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Nigeria’s Judiciary At A Crossroads

The presidential election of 2019 has come and perhaps gone. To some, it might have been confined to the dustbin of history but definitely not the throwbacks on the conscience of a nation which has been wounded by its blatant disregard for common sense; a nation that needs healing.

The presidential candidate of the Peoples Democratic Party (PDP) and former Vice President of Nigeria, Atiku Abubakar has approached the courts to seek redress. His prayers? That he won the February 23 presidential elections without let and he was brazenly rigged out by the All Progressives Congress and its candidate, President Muhammadu Buhari using apparatuses of state security and the Independent National Electoral Commission (INEC), the supposed umpire of the polls. He also prayed the court to look into the merits of his claim that Buhari was ineligible to contest for the post of president having lied under oath in the form CF001 that he filled and submitted to INEC to enable him contest for that office.

Since March, 2019 Nigerians have been treated to a drama of the absurd in all the legal tussles, their quest for justice have been treated with the greatest disdain as if they do not matter.

The legal rigmarole have taken turns and twists, first from the refusal of INEC, a supposed electoral umpire which obviously did not seem to be living up to its name as in being independent refusing the Atiku legal team access to electoral materials with which to prosecute its case, and this was done in blatant disregard of a subsisting Court order to make them available.

Then the legal tricks of deliberate delays: refusal of the President of Court of Appeal, Justice Zainab Bulkachuwa to recuse herself especially in a matter where her culpability and interest is very much manifest. All these court theatrics no doubt robbed the Atiku and PDP legal team of ample time and opportunity to parade all or most of its listed four hundred witnesses lined up in support of its claims.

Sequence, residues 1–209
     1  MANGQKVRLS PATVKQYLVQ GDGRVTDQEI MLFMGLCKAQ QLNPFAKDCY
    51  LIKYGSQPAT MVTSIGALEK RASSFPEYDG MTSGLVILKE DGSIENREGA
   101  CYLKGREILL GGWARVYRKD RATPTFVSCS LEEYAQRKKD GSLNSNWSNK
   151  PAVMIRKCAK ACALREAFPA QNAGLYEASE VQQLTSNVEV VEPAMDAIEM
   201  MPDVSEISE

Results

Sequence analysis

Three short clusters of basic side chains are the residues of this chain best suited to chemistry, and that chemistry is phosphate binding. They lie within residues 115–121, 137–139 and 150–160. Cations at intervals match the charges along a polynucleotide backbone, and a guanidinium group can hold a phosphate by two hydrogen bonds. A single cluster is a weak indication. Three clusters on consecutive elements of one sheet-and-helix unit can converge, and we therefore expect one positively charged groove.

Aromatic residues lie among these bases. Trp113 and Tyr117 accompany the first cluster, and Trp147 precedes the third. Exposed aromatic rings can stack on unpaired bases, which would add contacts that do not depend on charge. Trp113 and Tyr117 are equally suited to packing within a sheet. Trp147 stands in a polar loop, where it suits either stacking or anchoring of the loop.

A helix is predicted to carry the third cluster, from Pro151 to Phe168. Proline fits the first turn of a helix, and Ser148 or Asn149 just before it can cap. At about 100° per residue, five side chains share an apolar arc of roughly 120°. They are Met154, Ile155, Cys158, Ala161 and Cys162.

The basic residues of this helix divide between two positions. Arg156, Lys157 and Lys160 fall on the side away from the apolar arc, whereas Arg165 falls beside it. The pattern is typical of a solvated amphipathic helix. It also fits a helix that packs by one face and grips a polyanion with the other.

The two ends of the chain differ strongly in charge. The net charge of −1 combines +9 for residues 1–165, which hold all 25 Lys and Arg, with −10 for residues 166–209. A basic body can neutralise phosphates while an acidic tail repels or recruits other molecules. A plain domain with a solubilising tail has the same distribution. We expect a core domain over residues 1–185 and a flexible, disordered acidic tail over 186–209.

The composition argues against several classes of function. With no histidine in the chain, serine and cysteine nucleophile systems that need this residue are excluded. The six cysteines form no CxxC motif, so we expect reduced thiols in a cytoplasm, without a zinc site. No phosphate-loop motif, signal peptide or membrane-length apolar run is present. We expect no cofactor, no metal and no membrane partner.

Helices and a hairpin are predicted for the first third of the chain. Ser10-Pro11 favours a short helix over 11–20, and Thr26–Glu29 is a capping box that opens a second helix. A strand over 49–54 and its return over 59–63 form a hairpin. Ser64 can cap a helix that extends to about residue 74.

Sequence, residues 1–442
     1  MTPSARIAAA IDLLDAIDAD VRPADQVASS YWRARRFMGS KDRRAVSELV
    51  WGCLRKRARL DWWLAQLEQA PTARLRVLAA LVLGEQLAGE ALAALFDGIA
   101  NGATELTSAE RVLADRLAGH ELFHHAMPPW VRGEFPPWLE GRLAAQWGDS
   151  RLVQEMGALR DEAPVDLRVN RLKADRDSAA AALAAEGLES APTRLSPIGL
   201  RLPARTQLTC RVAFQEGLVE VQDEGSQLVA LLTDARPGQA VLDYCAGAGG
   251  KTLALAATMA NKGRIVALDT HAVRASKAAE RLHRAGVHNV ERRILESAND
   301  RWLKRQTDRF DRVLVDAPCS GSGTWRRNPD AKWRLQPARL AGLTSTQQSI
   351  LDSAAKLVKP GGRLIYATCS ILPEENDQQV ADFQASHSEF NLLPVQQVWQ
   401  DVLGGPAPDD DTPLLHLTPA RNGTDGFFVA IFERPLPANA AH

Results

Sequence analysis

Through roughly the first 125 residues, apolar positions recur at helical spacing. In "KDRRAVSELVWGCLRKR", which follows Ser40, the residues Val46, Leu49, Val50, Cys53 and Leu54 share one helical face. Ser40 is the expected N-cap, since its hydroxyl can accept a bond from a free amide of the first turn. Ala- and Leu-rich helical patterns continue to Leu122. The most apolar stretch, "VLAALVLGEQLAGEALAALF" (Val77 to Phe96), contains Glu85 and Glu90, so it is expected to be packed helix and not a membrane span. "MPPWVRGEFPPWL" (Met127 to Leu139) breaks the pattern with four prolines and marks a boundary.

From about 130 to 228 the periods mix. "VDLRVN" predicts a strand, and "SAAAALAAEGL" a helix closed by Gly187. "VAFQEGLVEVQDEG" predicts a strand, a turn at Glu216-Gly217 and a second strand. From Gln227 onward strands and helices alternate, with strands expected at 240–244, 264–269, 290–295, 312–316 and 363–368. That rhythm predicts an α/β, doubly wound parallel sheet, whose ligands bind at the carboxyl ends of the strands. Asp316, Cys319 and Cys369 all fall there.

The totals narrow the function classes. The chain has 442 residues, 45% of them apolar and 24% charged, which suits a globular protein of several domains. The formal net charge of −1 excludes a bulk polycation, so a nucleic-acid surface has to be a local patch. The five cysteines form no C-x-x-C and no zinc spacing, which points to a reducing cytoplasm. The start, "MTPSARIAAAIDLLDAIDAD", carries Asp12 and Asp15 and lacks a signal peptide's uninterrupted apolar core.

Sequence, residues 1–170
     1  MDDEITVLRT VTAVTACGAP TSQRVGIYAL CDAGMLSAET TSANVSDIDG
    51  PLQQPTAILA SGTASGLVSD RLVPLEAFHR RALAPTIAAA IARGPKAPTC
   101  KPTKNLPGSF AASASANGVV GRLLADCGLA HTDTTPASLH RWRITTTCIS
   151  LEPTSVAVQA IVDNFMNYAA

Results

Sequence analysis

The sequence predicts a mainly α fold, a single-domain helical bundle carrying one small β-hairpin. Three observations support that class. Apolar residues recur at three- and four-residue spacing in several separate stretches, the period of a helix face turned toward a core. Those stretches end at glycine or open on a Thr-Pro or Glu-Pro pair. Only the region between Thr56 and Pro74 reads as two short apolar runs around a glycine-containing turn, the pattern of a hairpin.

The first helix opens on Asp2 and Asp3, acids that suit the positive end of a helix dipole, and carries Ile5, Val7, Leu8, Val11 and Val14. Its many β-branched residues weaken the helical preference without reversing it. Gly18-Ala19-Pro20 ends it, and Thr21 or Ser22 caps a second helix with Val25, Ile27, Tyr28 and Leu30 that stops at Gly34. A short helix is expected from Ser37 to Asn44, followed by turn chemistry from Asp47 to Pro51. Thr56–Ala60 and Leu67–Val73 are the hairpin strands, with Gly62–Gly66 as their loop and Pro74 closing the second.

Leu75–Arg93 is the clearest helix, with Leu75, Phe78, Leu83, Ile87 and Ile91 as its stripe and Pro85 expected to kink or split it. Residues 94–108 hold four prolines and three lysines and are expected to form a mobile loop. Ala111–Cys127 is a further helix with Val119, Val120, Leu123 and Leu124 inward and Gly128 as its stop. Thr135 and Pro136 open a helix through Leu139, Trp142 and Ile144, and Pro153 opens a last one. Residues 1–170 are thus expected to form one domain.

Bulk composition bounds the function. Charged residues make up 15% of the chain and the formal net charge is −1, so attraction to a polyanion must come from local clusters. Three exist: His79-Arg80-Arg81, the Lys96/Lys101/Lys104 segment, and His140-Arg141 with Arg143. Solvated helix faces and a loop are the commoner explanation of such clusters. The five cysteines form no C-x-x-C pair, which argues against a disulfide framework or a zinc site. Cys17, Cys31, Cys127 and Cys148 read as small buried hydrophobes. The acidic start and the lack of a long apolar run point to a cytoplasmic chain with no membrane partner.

To start with, INEC shot itself in the legs by denying it ever had a Server into which all election results were uploaded. It is a grave assault on the minds of many Nigerians. In this age and time, where does INEC capture data of over 80 million registered voters spread across one hundred and ninety nine, nine hundred and seventy three polling stations in the country? Even against its own laws and guidelines INEC had defaulted because it promised Nigerians a fool proof election conduct, collation and transmission of results. There is enough evidence to suggest that INEC lied about this all important aspect of the voting process. If INEC gets away with a discharge from this open lies, then all and most especially the Chairman and its principal officers should not get away with fraud. They should answer questions on the money approved for the procurement of this electronic facility. If INEC truly does not have a Server, the money allocated for it must have been stolen by its operatives.

But yet more drama was to await Nigerians, as they woke up to a rude shock last week after Atiku and the PDP closed their case within its ten days allotted time, presenting 65 witnesses of its 400 (because of time constraints). First it was INEC that declared matter of fact that it does not have witnesses to call, and after a highly disappointing parade of seven lacklustre witnesses that did more damages to the Buhari/APC defends line, they also opted for an abrupt close of case. Curiously, the APC closed its own case before it even started without calling a witness.

Typically the signal this sends to most Nigerians that just like the February 23 elections, the APC is out to draw out another card in its pack of aces, to browbeat the Judiciary. Another short corner legion?

What suffers in the eventuality of a miscarriage of Justice as the sudden change of tactics suggest? Democracy is about to be taken to the slaughter house and where the will of the people is murdered in such brazen manner their existence was abridged. A stolen mandate is directly proportional to a stolen future and a perverted destiny.

The nation’s Justices will write their names in 24 karat of gold if they manifest the moral force as embodied by Lady Justice.

By evoking its instrumentality of impartiality, the Judiciary would have gained back its integrity and fulfilment of the sacred duty bestowed on it by providence.

Long after this season, it would be said of Nigeria’s judiciary that it found itself at a crossroads, but showed uncommon courage in restoring hope to a country in need of salvation, and ultimately wrote itself in the golden book as champions of our democracy.

Olumide Ojini, a Microbiologist wrote from Asaba

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